As a counterpoint to the entry/exit system, the Commission will present the outcome of the feasibility study on a registered traveller programme. During its presidency,
The importance these discussions that will influence future development in the area of freedom, security and justice has led
Our aim is for the Council to adopt conclusions providing political guidelines for future work in this field.
3. Legal migration, integration
Directive on the conditions of entry and residence of highly qualified workers, and the Directive on application procedure for a single permit and on a common set of rights for third-country national immigrants. These proposals, presented in accordance with the December 2005 Policy Plan on Legal Migration, seek to prepare a European response to demographic demands for migrant labour on the EU labour market.
The main challenge of the upcoming proposals will be to find the right set of rights of third country workers to ensure their equal treatment and facilitate their mobility in the labour market.
attractive work destination for highly qualified workers.
4. Strengthening the role of EUROPOL
The increasingly pan-European and international nature of crime requires strengthening the role of European Police Office (EUROPOL) by further amending its legal framework in order to enable EUROPOL to assist the Member States in combating serious international crimes to an even higher degree than to date. EUROPOL’s capacities for sharing and analysing information must be expanded and intensified. The added value that EUROPOL presents in operational terms needs to be highlighted.
During its meeting on 4 and 5 December 2006, the Council agreed that, on the grounds that it would constitute a clear improvement of the operational and administrative functioning of EUROPOL, the EUROPOL Convention should be replaced by a Council decision, thus transforming EUROPOL into an EU agency.
On 22 December 2006, the Commission presented a proposal for a Council decision establishing the EUROPOL. The German and Portuguese Presidencies made significant progress in this discussion. During the Slovenian Presidency, the proposal for a Council decision should be finalized and political agreement reached. This timetable would enable EUROPOL to adopt all legal acts necessary to implement the proposal for a Council decision and to continue with its operative work after 1 January 2010, when the Council decision should apply.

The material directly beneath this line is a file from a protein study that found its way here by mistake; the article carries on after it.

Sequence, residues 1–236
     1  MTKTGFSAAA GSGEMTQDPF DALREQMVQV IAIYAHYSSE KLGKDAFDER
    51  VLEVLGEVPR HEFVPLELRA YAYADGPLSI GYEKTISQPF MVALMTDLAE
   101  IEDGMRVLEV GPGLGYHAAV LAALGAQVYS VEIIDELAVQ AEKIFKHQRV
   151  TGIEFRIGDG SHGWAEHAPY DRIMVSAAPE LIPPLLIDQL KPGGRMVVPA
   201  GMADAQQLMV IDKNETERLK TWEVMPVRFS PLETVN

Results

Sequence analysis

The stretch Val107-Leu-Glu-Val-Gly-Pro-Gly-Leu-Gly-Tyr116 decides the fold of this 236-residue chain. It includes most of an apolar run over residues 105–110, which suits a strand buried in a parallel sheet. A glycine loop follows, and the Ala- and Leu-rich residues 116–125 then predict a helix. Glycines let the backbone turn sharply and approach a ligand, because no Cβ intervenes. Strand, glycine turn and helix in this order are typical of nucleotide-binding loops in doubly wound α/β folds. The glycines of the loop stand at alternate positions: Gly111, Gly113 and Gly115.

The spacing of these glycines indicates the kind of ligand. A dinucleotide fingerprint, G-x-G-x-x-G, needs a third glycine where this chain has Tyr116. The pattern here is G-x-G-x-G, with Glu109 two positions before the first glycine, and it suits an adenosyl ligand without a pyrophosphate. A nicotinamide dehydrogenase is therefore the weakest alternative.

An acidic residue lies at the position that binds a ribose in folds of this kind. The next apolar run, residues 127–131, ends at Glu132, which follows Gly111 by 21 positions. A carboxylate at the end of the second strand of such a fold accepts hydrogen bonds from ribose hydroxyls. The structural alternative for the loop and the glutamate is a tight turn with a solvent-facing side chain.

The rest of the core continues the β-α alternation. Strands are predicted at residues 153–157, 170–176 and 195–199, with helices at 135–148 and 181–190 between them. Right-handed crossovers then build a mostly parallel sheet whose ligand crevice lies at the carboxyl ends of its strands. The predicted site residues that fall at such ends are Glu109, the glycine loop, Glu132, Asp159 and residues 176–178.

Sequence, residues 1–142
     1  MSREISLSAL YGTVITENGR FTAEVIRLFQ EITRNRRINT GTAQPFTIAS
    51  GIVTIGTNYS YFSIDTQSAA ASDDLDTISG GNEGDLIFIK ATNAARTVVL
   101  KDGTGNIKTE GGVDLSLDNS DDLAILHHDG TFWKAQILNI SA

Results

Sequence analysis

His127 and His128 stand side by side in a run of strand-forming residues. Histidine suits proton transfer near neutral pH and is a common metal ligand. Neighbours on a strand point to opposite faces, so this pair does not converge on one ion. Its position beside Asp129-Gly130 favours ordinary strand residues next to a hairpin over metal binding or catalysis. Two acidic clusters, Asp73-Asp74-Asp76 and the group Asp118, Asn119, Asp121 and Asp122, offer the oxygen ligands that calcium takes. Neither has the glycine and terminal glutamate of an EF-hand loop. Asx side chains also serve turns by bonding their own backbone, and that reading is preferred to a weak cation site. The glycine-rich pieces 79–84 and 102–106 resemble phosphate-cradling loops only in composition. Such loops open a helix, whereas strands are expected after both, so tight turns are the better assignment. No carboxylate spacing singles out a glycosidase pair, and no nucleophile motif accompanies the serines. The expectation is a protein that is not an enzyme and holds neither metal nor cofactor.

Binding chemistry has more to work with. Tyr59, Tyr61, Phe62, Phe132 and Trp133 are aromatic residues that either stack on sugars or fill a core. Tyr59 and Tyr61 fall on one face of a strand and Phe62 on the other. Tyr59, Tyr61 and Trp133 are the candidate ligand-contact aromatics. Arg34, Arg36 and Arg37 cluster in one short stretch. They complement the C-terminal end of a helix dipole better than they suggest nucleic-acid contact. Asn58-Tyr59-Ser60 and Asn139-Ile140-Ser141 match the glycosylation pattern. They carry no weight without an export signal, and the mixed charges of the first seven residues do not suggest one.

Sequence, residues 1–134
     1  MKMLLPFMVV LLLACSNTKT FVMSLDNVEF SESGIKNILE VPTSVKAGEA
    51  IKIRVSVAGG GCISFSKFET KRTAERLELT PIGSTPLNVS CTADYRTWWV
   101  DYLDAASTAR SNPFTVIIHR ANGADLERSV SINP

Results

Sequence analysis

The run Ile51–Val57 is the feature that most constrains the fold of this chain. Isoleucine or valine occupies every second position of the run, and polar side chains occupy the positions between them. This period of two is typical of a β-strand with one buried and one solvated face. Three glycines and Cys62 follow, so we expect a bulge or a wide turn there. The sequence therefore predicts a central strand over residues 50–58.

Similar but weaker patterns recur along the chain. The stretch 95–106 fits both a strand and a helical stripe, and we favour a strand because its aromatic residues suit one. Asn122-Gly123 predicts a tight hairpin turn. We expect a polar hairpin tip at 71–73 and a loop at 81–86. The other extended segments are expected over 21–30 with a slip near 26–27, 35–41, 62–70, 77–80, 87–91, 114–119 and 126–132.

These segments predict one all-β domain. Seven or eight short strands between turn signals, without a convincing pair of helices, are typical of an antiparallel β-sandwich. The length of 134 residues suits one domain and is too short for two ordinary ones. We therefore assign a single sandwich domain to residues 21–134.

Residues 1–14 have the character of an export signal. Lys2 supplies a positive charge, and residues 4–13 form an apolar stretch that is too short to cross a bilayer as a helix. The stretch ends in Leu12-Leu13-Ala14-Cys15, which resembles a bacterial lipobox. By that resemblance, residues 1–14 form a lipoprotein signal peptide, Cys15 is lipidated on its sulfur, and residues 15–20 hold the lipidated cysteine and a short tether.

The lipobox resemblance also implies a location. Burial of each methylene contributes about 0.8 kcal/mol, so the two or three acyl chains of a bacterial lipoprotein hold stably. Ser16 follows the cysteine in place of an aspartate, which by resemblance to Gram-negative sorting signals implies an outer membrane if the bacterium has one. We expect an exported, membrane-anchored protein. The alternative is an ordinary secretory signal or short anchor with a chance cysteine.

5. Specific measures to intensify cooperation in counter-terrorism
Terrorism is a threat to all states and to all peoples. It poses a serious threat to our security, to the values of our democratic societies, and to the rights and freedoms of our citizens, especially through the indiscriminate targeting of innocent people. Terrorism is criminal and unjustifiable under any circumstances.
In the area of external relations the presidency would like to provide information to the Western Balkans on good practices for combating terrorism in the EU. The best practices recommended to EU Member States as a result of the first round of EU peer evaluation of national counterterrorism arrangements (2002–2006) would serve as an appropriate base for developing counterterrorism structures and communication networks also in the Western Balkan countries.
Furthermore, the presidency will focus on possible processes of radicalization and recruitment to terrorism in the Western Balkans.
The Slovenian Presidency is also interested in identifying sources and methods of financing terrorism within and outside the EU, and in preparing recommendations which could serve as a basis for amending the EU Action Plan on Combating Terrorism and the strategy against terrorist financing. Furthermore, the Slovenian Presidency would also like to study the links between drug trafficking and terrorism in view of possibly issuing recommendations or Council conclusions on the issue. The presidency intends to see to what extent the phenomenon exists in the EU, its neighbouring regions (such as South Eastern Europe and North africa) and in several key countries (such as